LRD Booklets January 2017

Case law at work - 13th edition

Introduction

Introduction


[pages 5-6]

This is the 13th edition of Case Law at Work, the LRD’s key source of information on recent employment law cases. It contains clear summaries and updates of important cases decided by the appeal courts, many of which are not contained in other legal guides. It can be used as a discrete resource and as a companion to LRD’s annual employment law guide Law at Work (www.lrdpublications.org.uk/publications.php?pub=BK&iss=1827).



There is a huge amount of employment legislation governing the workplace, from the right to be paid a minimum wage to laws protecting workers from suffering discrimination. While this legislation sets out the basic position, it cannot provide enough detail to cover all the circumstances in which it may need to be applied.



Courts are therefore called upon to decide how legislation should be interpreted. Their decisions provide a valuable insight into how unfairness at work can most appropriately be challenged and how, in practice, judges find a balance between competing claims.



The LRD’s annual employment law guide, Law at Work, is a comprehensive guide to all key areas of employment law, and includes many significant cases. However, it is beyond the scope of Law at Work to provide further details of the cases, or to include more than the key decisions. These further details are provided in Case Law at Work.



It is important for union representatives to know how employment legislation has been interpreted by the courts and how the law has been changed by recent judgments. Case Law at Work gives details of recent cases that have been decided by the Employment Appeals Tribunal (EAT), the Court of Appeal (CA), the Supreme Court and the European Court of Justice (ECJ).



The system of legal precedent means that lower courts are bound by the decisions of higher courts. Specifically, employment tribunals must follow decisions that have been made by the EAT, which must follow those of the Court of Appeal. The Supreme Court is the highest domestic court, so the principles decided here will apply to all courts and tribunals beneath it.



In Northern Ireland, which at the lower levels has a slightly different tribunal system from the rest of the UK, employment cases are heard by industrial tribunals, which are bound by decisions of the Northern Ireland Court of Appeal. There is no EAT in Northern Ireland, but decisions of the EAT in Great Britain will be strongly persuasive in the Northern Ireland tribunal system.



The ECJ deals with the interpretation of European law. All tribunals and courts can refer a case to the ECJ where an issue is unclear.
The UK must comply with European Union law, and UK law must be interpreted so as to comply with European Union law as far as possible. In the long term, the future relationship between the ECJ and UK courts is uncertain, pending resolution of the terms on which the UK is to leave the European Union. But in the meantime, ECJ decisions will remain binding on all UK courts and tribunals, even where the case involves another EU member state.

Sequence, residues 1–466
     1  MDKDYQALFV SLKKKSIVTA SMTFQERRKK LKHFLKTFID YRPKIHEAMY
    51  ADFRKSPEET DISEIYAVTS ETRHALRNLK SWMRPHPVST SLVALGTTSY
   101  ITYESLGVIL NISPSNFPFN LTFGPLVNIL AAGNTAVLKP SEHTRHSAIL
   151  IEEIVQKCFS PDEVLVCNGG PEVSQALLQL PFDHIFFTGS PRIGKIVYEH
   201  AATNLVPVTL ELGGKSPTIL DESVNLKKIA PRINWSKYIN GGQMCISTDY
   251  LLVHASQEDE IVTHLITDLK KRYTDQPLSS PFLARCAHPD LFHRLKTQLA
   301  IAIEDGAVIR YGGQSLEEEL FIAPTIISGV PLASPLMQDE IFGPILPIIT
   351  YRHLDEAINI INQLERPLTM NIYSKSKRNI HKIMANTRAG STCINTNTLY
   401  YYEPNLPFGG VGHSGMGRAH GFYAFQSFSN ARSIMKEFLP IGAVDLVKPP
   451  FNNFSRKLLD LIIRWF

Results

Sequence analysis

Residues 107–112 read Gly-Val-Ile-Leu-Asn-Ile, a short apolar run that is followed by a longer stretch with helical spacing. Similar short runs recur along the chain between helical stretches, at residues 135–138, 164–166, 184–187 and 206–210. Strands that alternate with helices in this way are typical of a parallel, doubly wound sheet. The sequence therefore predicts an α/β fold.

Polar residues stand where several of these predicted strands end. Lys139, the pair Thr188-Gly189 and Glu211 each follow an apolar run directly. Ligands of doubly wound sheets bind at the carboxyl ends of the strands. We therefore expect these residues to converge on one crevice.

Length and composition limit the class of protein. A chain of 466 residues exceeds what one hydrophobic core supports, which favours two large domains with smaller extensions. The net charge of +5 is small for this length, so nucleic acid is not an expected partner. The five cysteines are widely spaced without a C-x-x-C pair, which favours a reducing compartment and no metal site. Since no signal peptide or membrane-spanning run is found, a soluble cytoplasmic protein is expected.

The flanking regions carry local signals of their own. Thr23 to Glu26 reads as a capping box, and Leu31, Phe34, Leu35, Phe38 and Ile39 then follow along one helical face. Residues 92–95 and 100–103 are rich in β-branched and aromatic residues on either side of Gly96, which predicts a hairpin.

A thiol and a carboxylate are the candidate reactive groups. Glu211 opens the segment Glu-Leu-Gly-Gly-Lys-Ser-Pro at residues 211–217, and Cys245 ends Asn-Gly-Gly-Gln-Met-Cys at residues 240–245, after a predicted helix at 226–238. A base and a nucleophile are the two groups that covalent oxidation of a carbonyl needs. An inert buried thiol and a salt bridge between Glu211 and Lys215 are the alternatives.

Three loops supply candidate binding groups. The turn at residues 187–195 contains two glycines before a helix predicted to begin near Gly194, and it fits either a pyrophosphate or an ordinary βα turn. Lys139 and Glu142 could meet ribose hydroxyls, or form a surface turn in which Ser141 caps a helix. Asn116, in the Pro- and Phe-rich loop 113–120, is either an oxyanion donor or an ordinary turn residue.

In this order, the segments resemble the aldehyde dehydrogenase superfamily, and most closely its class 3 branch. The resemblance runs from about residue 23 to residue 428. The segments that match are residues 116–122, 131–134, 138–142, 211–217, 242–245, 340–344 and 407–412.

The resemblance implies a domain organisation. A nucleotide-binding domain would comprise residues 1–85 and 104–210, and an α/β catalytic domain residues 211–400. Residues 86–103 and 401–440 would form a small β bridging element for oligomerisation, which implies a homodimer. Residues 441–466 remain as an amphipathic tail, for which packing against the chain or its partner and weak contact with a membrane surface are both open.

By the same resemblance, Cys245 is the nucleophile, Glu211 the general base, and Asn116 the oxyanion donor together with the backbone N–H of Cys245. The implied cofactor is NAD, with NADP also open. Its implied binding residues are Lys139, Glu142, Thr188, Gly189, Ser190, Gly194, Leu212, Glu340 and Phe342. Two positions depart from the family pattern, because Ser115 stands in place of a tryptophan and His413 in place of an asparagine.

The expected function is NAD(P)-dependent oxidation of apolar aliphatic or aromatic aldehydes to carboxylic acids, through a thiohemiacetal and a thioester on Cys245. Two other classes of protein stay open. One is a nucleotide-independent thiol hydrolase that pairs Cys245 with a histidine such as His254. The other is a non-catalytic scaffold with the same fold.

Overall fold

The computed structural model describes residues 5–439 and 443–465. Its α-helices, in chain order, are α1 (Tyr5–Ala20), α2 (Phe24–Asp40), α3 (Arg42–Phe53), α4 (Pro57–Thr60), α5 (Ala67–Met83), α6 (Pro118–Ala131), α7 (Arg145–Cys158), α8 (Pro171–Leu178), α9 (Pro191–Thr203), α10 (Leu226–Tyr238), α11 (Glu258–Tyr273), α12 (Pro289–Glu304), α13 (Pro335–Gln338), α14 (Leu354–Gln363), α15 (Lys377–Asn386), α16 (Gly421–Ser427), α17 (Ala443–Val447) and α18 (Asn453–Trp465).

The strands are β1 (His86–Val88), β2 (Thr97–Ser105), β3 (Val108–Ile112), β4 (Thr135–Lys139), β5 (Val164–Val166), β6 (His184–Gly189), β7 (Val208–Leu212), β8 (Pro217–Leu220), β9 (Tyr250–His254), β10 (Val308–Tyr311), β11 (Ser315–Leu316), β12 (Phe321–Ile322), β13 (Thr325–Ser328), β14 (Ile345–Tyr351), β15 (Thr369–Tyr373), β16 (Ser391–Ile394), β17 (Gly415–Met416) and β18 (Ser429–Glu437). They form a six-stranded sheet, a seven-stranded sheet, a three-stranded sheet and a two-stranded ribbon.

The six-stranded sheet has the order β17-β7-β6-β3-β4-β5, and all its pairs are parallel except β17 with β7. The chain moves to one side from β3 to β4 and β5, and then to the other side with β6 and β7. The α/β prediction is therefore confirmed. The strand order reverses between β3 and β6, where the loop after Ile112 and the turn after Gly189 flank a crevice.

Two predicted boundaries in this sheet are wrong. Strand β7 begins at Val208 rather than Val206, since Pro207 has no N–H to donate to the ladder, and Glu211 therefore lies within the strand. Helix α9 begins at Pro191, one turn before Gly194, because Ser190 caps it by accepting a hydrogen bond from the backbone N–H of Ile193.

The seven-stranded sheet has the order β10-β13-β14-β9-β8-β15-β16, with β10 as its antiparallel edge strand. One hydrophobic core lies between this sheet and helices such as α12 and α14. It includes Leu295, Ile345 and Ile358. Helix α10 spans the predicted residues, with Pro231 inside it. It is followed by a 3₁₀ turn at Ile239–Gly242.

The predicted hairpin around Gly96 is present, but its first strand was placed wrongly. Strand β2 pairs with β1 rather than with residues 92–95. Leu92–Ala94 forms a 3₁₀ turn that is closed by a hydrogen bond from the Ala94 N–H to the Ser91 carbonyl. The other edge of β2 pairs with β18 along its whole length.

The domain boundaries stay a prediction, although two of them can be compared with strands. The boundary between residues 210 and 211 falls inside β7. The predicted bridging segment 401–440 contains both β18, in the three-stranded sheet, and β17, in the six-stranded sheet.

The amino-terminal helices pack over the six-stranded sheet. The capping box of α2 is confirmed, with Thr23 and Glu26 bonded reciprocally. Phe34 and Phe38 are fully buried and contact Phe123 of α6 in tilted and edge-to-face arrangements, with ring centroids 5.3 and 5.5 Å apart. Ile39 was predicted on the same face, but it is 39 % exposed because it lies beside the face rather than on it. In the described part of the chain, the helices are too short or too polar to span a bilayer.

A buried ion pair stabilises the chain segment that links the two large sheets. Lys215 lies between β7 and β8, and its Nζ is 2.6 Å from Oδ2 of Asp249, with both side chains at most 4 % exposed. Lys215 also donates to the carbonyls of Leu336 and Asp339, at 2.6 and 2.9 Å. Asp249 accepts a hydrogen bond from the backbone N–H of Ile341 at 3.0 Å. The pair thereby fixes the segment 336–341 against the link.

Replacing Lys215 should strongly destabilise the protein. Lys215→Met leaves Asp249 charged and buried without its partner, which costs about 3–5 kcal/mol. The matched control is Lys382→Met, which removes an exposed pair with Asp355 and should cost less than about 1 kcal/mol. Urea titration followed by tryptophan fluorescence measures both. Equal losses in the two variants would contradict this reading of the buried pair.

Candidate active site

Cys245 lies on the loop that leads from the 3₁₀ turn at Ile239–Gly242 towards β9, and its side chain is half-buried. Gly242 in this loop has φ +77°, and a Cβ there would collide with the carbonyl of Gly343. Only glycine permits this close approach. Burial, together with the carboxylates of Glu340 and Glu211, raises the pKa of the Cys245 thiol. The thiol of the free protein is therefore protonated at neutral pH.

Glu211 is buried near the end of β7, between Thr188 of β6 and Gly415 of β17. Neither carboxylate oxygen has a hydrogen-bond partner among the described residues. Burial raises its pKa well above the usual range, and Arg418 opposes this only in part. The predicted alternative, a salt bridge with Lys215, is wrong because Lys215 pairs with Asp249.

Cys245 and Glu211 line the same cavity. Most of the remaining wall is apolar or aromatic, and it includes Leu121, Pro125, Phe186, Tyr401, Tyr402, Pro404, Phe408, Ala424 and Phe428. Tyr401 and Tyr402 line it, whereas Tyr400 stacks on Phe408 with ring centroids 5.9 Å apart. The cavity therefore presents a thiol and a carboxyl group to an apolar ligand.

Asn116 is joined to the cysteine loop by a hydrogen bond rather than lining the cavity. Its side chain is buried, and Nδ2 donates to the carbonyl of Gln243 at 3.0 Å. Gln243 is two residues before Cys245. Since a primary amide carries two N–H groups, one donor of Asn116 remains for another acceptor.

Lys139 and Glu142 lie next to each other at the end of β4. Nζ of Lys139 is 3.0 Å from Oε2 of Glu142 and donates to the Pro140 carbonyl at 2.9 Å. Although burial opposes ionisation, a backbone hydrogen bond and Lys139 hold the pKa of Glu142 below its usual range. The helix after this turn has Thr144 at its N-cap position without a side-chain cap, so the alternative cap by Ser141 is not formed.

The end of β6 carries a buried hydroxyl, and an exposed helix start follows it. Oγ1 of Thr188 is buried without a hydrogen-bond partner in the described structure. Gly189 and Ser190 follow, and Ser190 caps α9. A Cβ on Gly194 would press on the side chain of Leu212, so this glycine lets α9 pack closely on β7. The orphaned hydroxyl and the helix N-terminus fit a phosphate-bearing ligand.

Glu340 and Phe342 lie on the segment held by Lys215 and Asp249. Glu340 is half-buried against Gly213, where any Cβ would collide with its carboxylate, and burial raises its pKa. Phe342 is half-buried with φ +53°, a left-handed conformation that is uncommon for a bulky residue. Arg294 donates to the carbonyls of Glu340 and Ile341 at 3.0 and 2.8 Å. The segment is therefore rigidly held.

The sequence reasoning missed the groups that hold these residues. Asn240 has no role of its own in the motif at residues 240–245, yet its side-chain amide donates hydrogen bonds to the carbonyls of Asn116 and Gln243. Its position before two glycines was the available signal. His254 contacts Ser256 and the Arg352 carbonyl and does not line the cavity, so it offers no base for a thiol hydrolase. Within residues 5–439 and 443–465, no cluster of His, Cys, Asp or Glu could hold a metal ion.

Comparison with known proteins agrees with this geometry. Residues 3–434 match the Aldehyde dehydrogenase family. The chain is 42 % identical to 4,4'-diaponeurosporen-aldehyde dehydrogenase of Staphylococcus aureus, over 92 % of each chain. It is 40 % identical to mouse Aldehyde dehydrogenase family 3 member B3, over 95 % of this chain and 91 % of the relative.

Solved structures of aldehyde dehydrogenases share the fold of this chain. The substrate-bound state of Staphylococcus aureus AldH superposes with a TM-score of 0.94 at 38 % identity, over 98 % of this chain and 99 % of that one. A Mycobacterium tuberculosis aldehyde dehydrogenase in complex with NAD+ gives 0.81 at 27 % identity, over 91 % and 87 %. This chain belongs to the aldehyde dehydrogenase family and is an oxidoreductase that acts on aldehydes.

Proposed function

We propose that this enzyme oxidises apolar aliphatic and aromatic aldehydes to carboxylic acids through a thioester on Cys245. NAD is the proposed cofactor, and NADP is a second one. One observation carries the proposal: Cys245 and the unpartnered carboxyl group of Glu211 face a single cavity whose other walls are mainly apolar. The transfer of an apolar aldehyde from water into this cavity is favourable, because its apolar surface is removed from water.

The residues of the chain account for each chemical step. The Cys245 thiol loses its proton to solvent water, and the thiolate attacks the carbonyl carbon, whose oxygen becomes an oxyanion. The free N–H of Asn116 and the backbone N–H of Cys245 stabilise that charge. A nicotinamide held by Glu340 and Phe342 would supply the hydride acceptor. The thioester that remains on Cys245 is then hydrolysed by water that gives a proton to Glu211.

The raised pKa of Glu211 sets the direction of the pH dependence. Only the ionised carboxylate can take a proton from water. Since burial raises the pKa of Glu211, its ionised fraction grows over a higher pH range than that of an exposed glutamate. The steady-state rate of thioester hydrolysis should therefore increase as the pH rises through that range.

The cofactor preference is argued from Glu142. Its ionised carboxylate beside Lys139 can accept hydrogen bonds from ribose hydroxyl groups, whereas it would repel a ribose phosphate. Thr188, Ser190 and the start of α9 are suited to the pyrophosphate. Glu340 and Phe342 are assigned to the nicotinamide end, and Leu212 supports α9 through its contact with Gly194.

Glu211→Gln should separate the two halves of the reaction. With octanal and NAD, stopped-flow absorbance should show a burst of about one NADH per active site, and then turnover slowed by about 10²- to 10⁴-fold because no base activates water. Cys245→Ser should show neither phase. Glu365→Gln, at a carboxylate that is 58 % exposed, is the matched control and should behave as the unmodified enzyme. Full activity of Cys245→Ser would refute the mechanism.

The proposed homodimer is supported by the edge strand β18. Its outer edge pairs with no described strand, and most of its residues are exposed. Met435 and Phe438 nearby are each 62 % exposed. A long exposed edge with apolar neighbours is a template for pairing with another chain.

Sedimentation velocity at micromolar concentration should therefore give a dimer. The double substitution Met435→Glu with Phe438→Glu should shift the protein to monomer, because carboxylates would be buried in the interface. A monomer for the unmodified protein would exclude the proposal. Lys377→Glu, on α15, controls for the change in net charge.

The tribunal or court reference is given at the end of each case. Decisions are published on the web:


• EAT cases at: www.bailii.org/uk/cases/UKEAT;



• Court of Appeal at: www.bailii.org/ew/cases/EWCA/Civ;



• Supreme Court at: www.supremecourt.uk/decided-cases (with decisions of the House of Lords, as the Supreme Court was formerly known, at: www.publications.parliament.uk/pa/ld/ldjudgmt.htm);



• ECJ at: http://curia.europa.eu; 



• Central Arbitration Committee at: www.cac.gov.uk; and



• Northern Ireland Industrial Tribunals and the Fair Employment Tribunal at: www.employmenttribunalsni.co.uk.


Rulings of the employment tribunal (as opposed to the EAT and higher courts) are not binding on other tribunals. Even so, they are useful, since they illustrate the kinds of factors that tribunals are likely to take into account when making their decisions and show how tribunals approach the decision-making process. Employment tribunal judgments in England, Scotland and Wales are not currently published. Instead, anyone wanting to search or browse a judgment must attend in person at offices in Bury St Edmunds for English and Welsh decisions, and in Glasgow for Scottish decisions. 


Copies of specific decisions can be ordered for a fee. Sometimes, where a claim has been brought with the support of a union, the union may be able to supply a copy of the tribunal’s written judgment. Reps should watch this space, because Her Majesty’s Courts and Tribunals Service (HMCTS) promised that, by the close of 2016, new employment tribunal decisions would be publicly available online. A decision has not yet been made on whether or not to publish past judgments. This new database will allow the public to search for new tribunal judgments from England, Wales and Scotland.